Traditional software project managers are feeling left behind by new agile software development practices. This is your opportunity to bridge agile development concepts by relating these new approaches to practices with which you are already familiar—the Project Management Institute’s Body of Knowledge (PMBOK). Learn about agile frameworks and the meaning of value-driven development, Scrum, XP, lean methods, and more. Michele Sliger maps PMI’s PMBOK Guide® knowledge areas to the corresponding agile development practices. This mapping includes answers to questions such as how to manage risk, what happens to change control, what project plans look like, and whether or not scope creep has any meaning in agile projects. Michele describes how to redefine project managers’ traditional jobs into a new—and more important—role in agile development.
Learn more about Michele Sliger  
Agile Product Planning: Building Strong Backlogs
David Hussman, DevJam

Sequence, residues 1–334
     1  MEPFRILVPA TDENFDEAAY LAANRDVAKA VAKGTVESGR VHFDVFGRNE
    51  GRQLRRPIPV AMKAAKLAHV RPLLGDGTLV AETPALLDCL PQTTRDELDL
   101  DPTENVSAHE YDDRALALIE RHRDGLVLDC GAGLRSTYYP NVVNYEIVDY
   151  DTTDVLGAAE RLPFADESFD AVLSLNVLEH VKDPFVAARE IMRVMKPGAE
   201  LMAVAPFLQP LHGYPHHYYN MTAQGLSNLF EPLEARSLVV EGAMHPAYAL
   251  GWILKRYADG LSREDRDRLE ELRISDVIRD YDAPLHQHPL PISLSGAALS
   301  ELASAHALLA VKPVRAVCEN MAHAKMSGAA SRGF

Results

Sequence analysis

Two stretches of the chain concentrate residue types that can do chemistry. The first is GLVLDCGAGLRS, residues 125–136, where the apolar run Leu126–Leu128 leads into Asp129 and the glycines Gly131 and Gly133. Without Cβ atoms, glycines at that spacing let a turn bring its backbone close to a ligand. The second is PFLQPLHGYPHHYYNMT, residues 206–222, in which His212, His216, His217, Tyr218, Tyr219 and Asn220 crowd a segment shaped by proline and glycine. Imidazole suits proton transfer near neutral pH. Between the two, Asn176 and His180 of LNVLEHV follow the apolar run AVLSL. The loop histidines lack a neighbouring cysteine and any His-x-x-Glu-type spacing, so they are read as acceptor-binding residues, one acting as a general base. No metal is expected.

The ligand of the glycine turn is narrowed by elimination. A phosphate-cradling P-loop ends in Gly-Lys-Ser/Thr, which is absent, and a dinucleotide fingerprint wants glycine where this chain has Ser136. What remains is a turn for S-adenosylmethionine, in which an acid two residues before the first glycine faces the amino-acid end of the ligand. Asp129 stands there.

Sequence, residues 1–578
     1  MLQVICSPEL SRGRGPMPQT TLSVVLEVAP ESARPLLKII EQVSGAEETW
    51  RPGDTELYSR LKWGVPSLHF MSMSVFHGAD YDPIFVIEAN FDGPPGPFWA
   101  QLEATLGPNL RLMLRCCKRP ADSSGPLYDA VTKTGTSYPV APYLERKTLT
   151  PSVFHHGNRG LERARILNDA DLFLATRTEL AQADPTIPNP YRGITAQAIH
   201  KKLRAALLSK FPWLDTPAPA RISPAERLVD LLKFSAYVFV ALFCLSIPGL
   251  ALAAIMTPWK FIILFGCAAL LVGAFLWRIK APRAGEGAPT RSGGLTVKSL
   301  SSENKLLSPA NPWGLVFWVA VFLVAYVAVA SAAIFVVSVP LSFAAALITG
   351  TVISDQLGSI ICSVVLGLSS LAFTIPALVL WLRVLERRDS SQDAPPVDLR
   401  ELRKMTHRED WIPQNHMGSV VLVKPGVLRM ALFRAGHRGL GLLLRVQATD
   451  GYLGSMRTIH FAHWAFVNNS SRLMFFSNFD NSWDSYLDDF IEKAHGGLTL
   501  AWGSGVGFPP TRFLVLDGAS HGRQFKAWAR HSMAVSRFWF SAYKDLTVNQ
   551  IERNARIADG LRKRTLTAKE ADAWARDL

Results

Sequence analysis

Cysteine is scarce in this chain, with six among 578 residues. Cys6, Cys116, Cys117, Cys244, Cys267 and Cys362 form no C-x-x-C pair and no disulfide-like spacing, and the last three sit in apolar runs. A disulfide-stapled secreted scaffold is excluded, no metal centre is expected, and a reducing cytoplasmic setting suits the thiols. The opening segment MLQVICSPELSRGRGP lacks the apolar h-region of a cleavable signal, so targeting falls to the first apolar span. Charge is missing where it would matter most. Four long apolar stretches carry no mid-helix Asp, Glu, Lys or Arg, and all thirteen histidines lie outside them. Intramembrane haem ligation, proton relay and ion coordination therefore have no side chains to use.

Valuable deliveries start with smart and meaningful product planning. David Hussman examines how to create backlogs that have real value, describing the tools and techniques that successful agile communities employ. He shows you how to identify all stakeholders and how to work with them to continuously extract value. You’ll learn the practice of “chartering,” a powerful way to start meaningful discussions around the core values of the product and project. Then, David shows how developing personas can launch rich discussions about who will receive product value and how. Using the charter and personas, you’ll practice creating story maps that mine valuable user experience and connection a collection of user stories in a way that is meaningful and valuable to the organization. David explores other practices that make backlogs strong: architectural spikes, user interface design, other cross-cutting concerns, and more. Leave with a rich understanding of backlogs and ways to keep them strong over the life of your project.